It was also revealed that the Senate Minority Leader Mitch McConnell questioned why the government would be spending trillions “when inflation is already sticking American families with higher costs.”

The much controversial and well-debated infrastructural bill pending for days has finally being passed in 69-30 votes in the Senate. The infrastructural Investment and Jobs Act will be forwarded to the House of Representatives for further debate.

The bill aims to upgrade and modernize roads, bridges, water systems, broadband access, and electric grid, starting in 2022. 

It also plans to invest $110 on the construction of roads and bridges, $66 billion on the rail, $55/billion for water and wastewater infrastructure, and $39 billion for public transit, adding to billions for airports, ports, and the nation’s first network of electric vehicle charging stations. 

In the 2702-pages document, more than 20 amendments have been considered by the Senate. One of such is approved to protect subcontractors on infrastructure projects—and rejected one from Sen. Ron Johnson that sought to block the federal government from ending efforts to build a barrier along the US border with Mexico.

Another such amendment considered is a provision that requires more stringent tax-reporting requirements for companies in the cryptocurrency industry has delayed the bill’s passage. It targets to raise $28 billion in taxes imposed on exchanges like Coinbase Global Inc (NASDAQ: COIN) and others that broker transactions.

The bill clarifies the definition of “broker” for tax-reporting purposes. Recall that the crypto industry opposed this when they perceived its meaning could be misinterpreted, broadly to include crypto miners and other companies involved in operating blockchain networks, along with software and hardware developers.

However, Republican and Democratic senators negotiating on behalf of the bill reached a compromise on Monday to exclude miners and other transaction “validators” from tax-reporting requirements, and the White House supported their amendment.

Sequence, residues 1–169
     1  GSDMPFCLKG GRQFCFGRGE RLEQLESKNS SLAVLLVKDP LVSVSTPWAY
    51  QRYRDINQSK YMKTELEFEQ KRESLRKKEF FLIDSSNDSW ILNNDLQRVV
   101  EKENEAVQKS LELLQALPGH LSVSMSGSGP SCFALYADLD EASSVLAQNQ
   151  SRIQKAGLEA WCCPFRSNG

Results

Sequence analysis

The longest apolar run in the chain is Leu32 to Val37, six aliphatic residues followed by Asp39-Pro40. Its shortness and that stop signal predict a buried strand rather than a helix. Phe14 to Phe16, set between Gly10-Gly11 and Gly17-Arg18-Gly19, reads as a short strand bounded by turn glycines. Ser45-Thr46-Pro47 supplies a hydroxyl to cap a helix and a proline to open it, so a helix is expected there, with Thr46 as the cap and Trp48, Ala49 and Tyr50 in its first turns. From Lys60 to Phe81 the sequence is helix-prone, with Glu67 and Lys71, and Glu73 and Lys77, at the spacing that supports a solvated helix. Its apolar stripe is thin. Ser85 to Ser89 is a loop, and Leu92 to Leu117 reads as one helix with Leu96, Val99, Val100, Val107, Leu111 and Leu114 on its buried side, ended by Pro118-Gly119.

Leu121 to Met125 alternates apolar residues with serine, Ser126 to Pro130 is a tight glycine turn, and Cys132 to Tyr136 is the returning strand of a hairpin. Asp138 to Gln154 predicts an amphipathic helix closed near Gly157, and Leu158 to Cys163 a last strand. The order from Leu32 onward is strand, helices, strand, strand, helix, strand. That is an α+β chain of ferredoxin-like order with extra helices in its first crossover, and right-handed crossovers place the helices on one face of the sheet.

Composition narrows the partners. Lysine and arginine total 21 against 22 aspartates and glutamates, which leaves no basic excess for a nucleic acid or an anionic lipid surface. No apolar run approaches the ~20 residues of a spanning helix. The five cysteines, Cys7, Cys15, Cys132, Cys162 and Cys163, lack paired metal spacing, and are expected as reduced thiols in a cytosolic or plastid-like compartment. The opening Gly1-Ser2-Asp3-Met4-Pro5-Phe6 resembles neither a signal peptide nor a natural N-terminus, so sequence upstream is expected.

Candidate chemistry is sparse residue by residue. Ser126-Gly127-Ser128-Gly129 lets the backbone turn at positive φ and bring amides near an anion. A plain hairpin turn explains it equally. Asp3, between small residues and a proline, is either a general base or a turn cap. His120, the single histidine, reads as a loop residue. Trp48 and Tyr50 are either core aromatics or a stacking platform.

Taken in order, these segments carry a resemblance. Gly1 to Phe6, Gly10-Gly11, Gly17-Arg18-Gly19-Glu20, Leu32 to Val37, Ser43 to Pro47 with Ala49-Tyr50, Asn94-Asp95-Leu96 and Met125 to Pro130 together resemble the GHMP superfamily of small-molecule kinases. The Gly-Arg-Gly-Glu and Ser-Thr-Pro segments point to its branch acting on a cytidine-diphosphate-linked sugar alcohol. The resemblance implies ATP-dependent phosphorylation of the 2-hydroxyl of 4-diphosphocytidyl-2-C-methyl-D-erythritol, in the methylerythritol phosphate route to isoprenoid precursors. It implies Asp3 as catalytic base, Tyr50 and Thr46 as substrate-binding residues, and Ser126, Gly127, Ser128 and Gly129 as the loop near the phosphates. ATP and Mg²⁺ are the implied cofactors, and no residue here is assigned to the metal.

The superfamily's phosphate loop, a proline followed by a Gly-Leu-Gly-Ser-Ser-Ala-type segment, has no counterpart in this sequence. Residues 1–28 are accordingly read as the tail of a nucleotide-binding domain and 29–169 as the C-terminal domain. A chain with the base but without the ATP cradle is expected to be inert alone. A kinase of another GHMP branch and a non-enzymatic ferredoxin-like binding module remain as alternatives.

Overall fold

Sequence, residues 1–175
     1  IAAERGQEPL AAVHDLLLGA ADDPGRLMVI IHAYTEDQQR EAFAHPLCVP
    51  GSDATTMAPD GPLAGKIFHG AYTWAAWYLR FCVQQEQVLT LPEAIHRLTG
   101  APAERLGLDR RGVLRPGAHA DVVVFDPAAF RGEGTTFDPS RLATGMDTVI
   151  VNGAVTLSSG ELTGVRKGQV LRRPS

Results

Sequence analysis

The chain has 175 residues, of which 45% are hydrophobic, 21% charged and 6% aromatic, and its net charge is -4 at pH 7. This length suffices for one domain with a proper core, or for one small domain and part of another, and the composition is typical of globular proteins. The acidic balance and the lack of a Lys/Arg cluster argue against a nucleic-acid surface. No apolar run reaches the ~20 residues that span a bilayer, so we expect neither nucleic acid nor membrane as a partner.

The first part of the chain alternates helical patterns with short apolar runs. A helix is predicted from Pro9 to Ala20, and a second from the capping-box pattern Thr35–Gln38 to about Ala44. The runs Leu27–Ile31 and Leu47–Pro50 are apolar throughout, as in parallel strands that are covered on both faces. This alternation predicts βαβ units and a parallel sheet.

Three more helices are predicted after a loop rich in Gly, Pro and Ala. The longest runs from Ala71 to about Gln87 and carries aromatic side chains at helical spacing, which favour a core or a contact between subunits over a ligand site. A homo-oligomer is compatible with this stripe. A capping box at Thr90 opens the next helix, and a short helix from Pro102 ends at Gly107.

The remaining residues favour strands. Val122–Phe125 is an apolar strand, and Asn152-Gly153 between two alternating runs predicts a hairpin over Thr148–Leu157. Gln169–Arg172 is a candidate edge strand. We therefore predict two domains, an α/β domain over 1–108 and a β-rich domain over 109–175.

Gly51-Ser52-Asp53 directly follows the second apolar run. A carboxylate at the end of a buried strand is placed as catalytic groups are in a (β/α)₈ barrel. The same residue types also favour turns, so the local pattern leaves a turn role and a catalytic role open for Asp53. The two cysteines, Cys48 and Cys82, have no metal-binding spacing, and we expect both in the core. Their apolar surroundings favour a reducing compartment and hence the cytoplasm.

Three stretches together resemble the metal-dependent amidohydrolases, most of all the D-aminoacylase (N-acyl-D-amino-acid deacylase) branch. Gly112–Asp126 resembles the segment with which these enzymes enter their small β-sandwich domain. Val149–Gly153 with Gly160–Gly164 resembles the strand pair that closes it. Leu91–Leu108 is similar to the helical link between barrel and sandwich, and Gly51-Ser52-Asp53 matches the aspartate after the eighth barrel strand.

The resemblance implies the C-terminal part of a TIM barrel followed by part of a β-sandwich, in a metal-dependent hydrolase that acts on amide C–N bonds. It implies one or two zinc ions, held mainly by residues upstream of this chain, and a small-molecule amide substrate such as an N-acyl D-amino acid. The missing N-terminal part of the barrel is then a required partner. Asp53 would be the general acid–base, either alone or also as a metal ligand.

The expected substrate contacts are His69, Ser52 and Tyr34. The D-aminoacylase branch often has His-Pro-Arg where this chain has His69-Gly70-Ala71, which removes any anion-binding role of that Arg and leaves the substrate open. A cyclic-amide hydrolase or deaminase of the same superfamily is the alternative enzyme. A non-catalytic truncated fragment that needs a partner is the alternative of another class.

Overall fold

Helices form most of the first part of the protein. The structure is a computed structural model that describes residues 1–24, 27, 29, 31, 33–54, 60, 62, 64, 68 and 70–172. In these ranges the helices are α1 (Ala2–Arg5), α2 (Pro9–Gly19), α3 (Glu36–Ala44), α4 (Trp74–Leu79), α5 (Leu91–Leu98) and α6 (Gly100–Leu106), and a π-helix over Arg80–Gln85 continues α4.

According to a report, Republican senators have raised concerns on the bill. The senators “criticized the size and scope of the $3.5 trillion proposal, saying that its spending could fuel inflation and that its tax increases on corporations and the wealthiest households could slow growth.”

It was also revealed that the Senate Minority Leader Mitch McConnell questioned why the government would be spending trillions “when inflation is already sticking American families with higher costs.”

While the infrastructural bill will be heading to the House of Representatives, the Democrat-controlled House, what will happen next is unknown. However, the House may try to modify it, but that could be not easy since it could open the bill to other amendments. It may face additional delays. 

Per Speaker Nancy Pelosi (D., Calif.) the chamber wouldn’t take up the agreement until the Senate approves a separate, contentious $3.5 trillion bill focusing on other economic priorities, including child care, education and environmental measures. The ultimatum is aimed at unifying Democrats around both bills.

Market News, News

Oluwapelumi Adejumo

Oluwapelumi is a believer in the transformative power Bitcoin and Blockchain industry holds. He is interested in sharing knowledge and ideas. When he is not writing, he is looking to meet new people and trying out new things.

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